Problems At The Point of Sale – And Beyond
Over three-quarters of patients surveyed say they have experienced issues either purchasing or taking medication in the past, with millennials (82 percent) remarkably reporting more issues than Boomers (61 percent). Millennials don’t tolerate mistakes, though, and are twice as likely as Boomers to change pharmacies to find one that can meet their needs. And 70 percent of all patients confirmed they have either changed prescribing providers, pharmacies, or medications in the past due to a poor experience.
Among patients experiencing problems, a severe side effect was among the top five issues. But it was not the most prevalent:
- Needed medication that was unavailable or out of stock (32 percent)
- Received only a partial amount due to unavailability at the time (29 percent)
- Found the same product at a lower price elsewhere (27 percent)
- Did not receive on time or when needed (22 percent)
- Experienced a severe side effect (21 percent)
A majority of patients’ lingering concerns center on medication affordability (76 percent) and shortages (73 percent). However, drug administrators are not off the hook for safety and efficacy. Eighty-five percent of patients say all pharmacies need to monitor the medications dispensed, including mail-order pharmacies.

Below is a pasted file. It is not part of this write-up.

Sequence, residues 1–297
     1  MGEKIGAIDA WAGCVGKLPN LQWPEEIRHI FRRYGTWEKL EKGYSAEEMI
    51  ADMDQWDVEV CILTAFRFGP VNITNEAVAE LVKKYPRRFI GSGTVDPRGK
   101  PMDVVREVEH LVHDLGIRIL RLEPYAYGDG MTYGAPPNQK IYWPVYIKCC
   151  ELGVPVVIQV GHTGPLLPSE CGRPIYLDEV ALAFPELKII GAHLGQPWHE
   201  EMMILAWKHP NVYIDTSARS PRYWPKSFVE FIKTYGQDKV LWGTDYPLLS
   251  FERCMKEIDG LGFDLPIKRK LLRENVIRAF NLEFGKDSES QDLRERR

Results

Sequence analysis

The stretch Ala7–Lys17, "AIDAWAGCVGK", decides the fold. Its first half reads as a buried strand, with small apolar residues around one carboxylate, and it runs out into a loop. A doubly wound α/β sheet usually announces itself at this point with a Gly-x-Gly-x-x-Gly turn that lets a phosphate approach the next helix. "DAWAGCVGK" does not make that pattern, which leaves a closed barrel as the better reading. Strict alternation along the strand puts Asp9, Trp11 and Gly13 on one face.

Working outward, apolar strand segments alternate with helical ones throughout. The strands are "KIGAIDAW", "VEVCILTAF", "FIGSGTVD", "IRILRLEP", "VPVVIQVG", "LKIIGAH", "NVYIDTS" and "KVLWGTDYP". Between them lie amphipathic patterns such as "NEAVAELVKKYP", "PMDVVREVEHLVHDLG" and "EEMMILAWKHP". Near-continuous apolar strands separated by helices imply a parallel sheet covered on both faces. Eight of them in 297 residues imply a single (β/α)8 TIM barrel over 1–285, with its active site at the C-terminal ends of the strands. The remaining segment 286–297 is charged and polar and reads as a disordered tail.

Key Regional Findings
Asia Pacific (APAC)
– Over three-quarters of patients say more regulation of pharmaceuticals is needed, and nearly all (95 percent) decision-makers say better cooperation between government/regulatory agencies and pharmaceutical industry companies is needed to protect patients, the highest of any region.
– Only 64 percent of patients and 74 percent of industry decision-makers agree that direct-to-patient delivery of medications by mail is a convenient and consistently safe way to receive medications—the lowest agreement level among regions.
– Latin American patients are the least tolerant of issues with their medications when compared to other regions, with 87 percent reporting a change in pharmacy, provider, or medication due to a poor experience.
– Patients in North America are the least knowledgeable about pharmaceutical traceability, with only 33 percent saying they are somewhat or very familiar with the concept.
Featured photo created by aleksandarlittlewolf – www.freepik.com